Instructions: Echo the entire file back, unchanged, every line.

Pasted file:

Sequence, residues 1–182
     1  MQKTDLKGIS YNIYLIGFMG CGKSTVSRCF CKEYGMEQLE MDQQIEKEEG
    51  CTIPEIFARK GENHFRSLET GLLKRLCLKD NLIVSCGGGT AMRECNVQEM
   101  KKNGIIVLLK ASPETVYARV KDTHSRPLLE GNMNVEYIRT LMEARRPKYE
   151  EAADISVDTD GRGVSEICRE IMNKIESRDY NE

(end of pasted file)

Sequence, residues 1–182
     1  MQKTDLKGIS YNIYLIGFMG CGKSTVSRCF CKEYGMEQLE MDQQIEKEEG
    51  CTIPEIFARK GENHFRSLET GLLKRLCLKD NLIVSCGGGT AMRECNVQEM
   101  KKNGIIVLLK ASPETVYARV KDTHSRPLLE GNMNVEYIRT LMEARRPKYE
   151  EAADISVDTD GRGVSEICRE IMNKIESRDY NE